To listen to execs at SBC Communications Inc. (SBC) tell it, the company's $16 billion acquisition of AT&T is an obvious coup. The San Antonio local-phone giant gets AT&T Corp., the nation's preeminent long-distance network. Along with it comes a who's who of business clients, not to mention enough savings -- $15 billion -- to virtually pay for the deal. No wonder SBC CEO Edward E. Whitacre Jr. calls the deal "a great opportunity."
Not so fast. No doubt this deal gives SBC, which had revenues of $52.7 billion in 2004, tremendous scale, making it the country's largest telecom with an estimated $85 billion in 2006 revenue, according to Standard & Poor's. But there's a lot more to success than sheer size. AT&T, with revenues of $30.5 billion in 2004, is a business in serious decline. Achieving those cost savings without disrupting operations will depend on flawless integration of complex systems. And SBC's management is already stretched as it works to blend a series of earlier acquisitions, including last year's $41 billion combo of Cingular Wireless, a unit jointly controlled by SBC and BellSouth, with AT&T Wireless. Most critical of all, SBC must reverse AT&T's shrinking revenues and squeeze new growth out of its own operations. "There are a lot of issues that can go wrong," warns Todd Rosenbluth, telecom services analyst for Standard & Poor's.
So just how weak is AT&T? In 2006, when the deal should close, AT&T's revenues are expected to slip 9%, to $23.6 billion, after a 15% drop in 2005; SBC's are likely to grow only 1%, to $61.3 billion in 2006, after a strong 2005. While Whitacre told BusinessWeek "we don't expect to keep losing forever," many just can't make sense of the deal. "It's a monumentally dumb idea for SBC," says Scott C. Cleland, CEO of telecom analyst The Precursor Group. "Who wants to be the largest negative growth company in the country?"
No wonder SBC doesn't want to focus on the bleak revenue picture. Instead, it's highlighting the cost savings it will reap from the combination: $2 billion per year starting in 2008 for a total of $15 billion by 2011. Nearly 60% will come from trimming a total of 13,000 jobs, or 6% of the workforce.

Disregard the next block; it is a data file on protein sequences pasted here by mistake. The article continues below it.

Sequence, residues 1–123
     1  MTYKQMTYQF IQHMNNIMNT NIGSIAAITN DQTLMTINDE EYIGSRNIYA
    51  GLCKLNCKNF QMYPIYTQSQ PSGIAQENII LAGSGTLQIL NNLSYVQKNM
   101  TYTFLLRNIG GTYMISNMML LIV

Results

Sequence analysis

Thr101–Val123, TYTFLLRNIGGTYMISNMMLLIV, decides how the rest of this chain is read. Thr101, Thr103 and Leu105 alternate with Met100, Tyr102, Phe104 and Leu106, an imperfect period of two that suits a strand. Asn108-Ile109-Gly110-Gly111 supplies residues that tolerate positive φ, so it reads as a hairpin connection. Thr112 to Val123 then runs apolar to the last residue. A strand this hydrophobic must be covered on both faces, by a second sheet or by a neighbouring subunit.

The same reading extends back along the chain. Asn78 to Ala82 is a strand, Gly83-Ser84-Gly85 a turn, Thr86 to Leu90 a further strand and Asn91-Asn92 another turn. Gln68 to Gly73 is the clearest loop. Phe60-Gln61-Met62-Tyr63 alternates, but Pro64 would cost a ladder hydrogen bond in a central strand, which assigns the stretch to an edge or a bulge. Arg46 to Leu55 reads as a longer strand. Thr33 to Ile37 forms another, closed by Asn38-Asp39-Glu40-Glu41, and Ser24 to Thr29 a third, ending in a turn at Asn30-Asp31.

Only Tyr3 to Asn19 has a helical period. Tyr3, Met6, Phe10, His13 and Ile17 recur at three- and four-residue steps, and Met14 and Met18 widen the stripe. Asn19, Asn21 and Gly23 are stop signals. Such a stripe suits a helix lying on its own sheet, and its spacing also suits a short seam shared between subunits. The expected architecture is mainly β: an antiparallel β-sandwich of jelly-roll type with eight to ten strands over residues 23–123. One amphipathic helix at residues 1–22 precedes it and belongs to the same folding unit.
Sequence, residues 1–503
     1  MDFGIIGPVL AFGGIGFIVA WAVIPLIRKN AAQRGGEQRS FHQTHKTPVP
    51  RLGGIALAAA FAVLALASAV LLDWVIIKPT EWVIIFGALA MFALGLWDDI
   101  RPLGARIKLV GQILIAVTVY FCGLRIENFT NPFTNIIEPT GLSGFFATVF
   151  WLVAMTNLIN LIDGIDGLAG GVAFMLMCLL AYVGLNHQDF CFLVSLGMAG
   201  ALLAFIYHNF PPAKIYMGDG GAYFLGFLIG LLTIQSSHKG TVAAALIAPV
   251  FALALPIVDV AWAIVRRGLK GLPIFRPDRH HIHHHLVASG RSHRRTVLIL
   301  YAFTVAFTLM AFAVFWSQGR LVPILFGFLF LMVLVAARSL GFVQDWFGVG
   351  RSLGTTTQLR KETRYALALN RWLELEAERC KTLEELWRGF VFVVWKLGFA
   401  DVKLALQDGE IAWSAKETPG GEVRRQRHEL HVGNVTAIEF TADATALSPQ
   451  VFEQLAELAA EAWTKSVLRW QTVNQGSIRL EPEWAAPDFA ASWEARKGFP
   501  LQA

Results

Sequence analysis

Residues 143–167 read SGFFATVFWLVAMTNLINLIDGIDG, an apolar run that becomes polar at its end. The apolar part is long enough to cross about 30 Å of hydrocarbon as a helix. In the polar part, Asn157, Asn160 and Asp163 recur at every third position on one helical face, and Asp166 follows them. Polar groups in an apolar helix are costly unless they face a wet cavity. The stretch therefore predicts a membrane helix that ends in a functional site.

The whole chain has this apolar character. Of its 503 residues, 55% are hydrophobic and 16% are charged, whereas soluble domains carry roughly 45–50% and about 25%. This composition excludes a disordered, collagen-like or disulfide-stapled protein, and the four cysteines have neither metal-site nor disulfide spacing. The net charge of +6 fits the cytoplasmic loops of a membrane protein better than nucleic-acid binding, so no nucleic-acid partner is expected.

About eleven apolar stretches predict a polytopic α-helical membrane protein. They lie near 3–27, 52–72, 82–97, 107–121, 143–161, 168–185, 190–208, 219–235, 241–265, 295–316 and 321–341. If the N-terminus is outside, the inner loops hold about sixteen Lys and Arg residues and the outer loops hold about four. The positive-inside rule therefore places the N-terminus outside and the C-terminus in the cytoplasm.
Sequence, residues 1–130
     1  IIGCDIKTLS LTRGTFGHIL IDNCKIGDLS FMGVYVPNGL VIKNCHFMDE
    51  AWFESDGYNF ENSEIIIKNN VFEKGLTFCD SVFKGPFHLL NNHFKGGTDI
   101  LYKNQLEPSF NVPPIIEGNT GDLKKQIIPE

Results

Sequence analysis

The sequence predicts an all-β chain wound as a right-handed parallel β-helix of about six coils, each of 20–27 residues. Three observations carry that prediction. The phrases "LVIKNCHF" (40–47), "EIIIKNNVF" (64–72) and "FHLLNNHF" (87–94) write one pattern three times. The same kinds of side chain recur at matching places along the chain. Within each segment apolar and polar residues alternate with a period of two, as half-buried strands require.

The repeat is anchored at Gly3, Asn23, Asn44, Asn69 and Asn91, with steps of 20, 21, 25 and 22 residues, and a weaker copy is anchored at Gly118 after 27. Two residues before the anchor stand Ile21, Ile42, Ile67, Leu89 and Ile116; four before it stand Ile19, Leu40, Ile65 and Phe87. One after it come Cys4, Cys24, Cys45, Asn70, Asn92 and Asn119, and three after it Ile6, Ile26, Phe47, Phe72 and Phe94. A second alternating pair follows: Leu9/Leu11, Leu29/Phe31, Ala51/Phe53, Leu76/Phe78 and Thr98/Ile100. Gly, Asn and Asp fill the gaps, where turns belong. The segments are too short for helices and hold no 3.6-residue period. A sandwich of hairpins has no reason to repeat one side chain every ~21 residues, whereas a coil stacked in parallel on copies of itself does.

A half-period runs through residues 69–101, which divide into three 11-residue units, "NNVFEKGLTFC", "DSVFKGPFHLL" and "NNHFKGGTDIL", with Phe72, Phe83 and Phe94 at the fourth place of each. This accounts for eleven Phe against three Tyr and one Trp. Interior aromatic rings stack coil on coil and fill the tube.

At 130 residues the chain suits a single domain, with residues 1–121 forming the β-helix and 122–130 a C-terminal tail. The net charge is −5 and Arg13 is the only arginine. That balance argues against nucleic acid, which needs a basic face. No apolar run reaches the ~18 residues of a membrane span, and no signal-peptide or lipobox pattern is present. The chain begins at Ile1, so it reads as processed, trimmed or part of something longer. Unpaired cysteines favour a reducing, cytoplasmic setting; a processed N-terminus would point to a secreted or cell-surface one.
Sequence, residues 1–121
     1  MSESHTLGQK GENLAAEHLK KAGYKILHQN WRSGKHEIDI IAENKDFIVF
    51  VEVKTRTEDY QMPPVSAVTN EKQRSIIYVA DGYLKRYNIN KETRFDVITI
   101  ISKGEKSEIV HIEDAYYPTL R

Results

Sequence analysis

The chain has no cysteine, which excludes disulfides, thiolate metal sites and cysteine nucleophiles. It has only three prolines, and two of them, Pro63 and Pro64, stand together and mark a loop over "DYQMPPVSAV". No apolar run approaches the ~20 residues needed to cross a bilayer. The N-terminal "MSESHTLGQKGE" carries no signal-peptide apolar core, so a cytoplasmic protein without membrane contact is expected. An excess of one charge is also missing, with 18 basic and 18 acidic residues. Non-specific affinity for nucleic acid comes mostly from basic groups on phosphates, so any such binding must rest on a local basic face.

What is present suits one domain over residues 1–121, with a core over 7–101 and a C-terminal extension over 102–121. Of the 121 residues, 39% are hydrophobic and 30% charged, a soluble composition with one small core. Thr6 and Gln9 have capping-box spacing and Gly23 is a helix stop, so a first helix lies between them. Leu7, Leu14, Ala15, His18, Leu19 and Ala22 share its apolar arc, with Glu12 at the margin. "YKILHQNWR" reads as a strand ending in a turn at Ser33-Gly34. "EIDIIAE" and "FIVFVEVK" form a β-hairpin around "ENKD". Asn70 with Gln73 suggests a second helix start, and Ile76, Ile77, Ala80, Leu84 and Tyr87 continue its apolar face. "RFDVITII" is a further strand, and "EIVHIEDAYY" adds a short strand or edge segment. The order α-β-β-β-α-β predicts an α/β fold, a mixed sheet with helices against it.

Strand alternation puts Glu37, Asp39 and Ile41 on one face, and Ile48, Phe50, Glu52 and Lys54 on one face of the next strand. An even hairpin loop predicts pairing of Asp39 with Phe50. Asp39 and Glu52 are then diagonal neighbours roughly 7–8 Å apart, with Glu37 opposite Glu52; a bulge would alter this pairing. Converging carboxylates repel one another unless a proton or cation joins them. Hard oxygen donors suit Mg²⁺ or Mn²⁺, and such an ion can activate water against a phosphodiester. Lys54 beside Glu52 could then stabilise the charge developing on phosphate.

Reducing head counts at that scale, though, can be tricky. Whitacre got into trouble with consumer advocates and regulators after his late '90s acquisition of Ameritech because SBC chopped so many jobs that regulators said it began to hamper service. And SBC has to be careful not to make the same mistake it has made in the past by quickly showing key executives the door. AT&T chiefs like CEO David W. Dorman and CTO Hossein Eslambolchi, not to mention heads of the Internet business and enterprise sales teams, have knowledge and relationships that SBC desperately needs. If they leave, profits will walk out with them.
It also will take a lot more than whacking jobs to get the cost savings SBC is counting on. Whitacre and team will have to tackle the complex task of integrating the two companies' differing network systems. That will involve condensing upward of 20 disparate billing and customer-service systems down to a couple, and using new technology to tie the systems' services together. The challenge, experts say, comes in building new systems that will allow cross-selling of AT&T and SBC services. "It's never easy," says Larry S. Schwartz, head of global operations for Convergys Corp., which manages billing and customer-service systems.
The goal of all this rejiggering is to create more solid growth prospects for AT&T's $22.6 billion enterprise unit. The heart of the deal, it sells services to big corporate customers. Reinvigorating it will be key, because SBC needs to counter a flattening revenue base under siege by cable operators like Comcast Corp. (CMCSK). But SBC has a long way to go. For starters, it will have to beef up the all-important services that surround its new Internet- based networks. Those include consulting on everything from security to Web hosting. Though relatively small now, Internet-based network consulting is the fastest-growing segment of AT&T's business, expanding some 10% in 2004. Still, the unit only amounts to $2.3 billion, or 7.5%, of AT&T's revenues. So it better take off fast. Worse, prices for sending Internet data across the country are falling 8% to 10% a year, estimates Edmond B. Lewis, a partner at telecom consultants RelevantC LLC.
Add it all up, and Whitacre faces plenty of roadblocks with scant room for error. Success will depend heavily on just how fast and reliably SBC can build its revenue. And that remains the big mystery. SBC hasn't yet released a revenue growth forecast for the combined company, but Whitacre is confident that AT&T's network will add growth. "I think it's a very positive revenue story going forward," he says. He better be right, since those gains will be key to meeting the earnings goals SBC boasts about. In 2008, AT&T's revenue is expected to be about $20 billion, according to Deutsche Bank Securities Inc. telecom analyst Viktor Shvets. "All it will take is about a 10% miss, and the annual $2 billion in synergies will be wiped out," Shvets says.
Yet Whitacre figures he's got little choice but to push ahead. In the new era of communications competition, with cable operators unveiling competitive services at every turn, it's grow or get passed by. To succeed, Whitacre and his ambitious team at fast-growing SBC have plenty of hard work ahead.
By Roger O. Crockett with Steve Rosenbush in New York